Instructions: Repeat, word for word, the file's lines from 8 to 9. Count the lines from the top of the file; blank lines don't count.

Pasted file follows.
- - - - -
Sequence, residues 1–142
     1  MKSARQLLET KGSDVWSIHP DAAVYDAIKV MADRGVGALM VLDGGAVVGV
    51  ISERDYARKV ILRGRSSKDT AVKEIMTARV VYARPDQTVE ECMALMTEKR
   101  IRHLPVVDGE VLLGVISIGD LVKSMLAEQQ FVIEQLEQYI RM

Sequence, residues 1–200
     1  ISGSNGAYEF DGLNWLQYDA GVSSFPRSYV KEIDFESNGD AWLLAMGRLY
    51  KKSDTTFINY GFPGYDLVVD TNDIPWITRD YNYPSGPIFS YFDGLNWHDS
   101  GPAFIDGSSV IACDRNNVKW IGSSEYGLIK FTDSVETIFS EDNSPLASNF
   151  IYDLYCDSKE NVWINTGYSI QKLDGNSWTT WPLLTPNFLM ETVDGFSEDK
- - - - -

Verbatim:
   101  GPAFIDGSSV IACDRNNVKW IGSSEYGLIK FTDSVETIFS EDNSPLASNF
   151  IYDLYCDSKE NVWINTGYSI QKLDGNSWTT WPLLTPNFLM ETVDGFSEDK